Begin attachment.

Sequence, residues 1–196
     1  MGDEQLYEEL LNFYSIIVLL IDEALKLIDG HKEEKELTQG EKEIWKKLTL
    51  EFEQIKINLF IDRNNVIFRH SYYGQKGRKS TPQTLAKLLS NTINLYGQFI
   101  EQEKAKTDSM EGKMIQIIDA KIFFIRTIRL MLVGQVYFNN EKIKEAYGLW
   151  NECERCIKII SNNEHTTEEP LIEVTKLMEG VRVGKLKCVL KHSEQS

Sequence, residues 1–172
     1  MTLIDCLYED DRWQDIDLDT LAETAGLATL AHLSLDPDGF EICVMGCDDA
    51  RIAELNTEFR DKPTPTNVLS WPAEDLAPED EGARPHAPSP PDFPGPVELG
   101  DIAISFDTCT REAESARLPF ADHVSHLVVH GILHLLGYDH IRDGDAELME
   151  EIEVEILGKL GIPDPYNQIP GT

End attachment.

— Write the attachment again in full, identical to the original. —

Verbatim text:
Sequence, residues 1–196
     1  MGDEQLYEEL LNFYSIIVLL IDEALKLIDG HKEEKELTQG EKEIWKKLTL
    51  EFEQIKINLF IDRNNVIFRH SYYGQKGRKS TPQTLAKLLS NTINLYGQFI
   101  EQEKAKTDSM EGKMIQIIDA KIFFIRTIRL MLVGQVYFNN EKIKEAYGLW
   151  NECERCIKII SNNEHTTEEP LIEVTKLMEG VRVGKLKCVL KHSEQS

Sequence, residues 1–172
     1  MTLIDCLYED DRWQDIDLDT LAETAGLATL AHLSLDPDGF EICVMGCDDA
    51  RIAELNTEFR DKPTPTNVLS WPAEDLAPED EGARPHAPSP PDFPGPVELG
   101  DIAISFDTCT REAESARLPF ADHVSHLVVH GILHLLGYDH IRDGDAELME
   151  EIEVEILGKL GIPDPYNQIP GT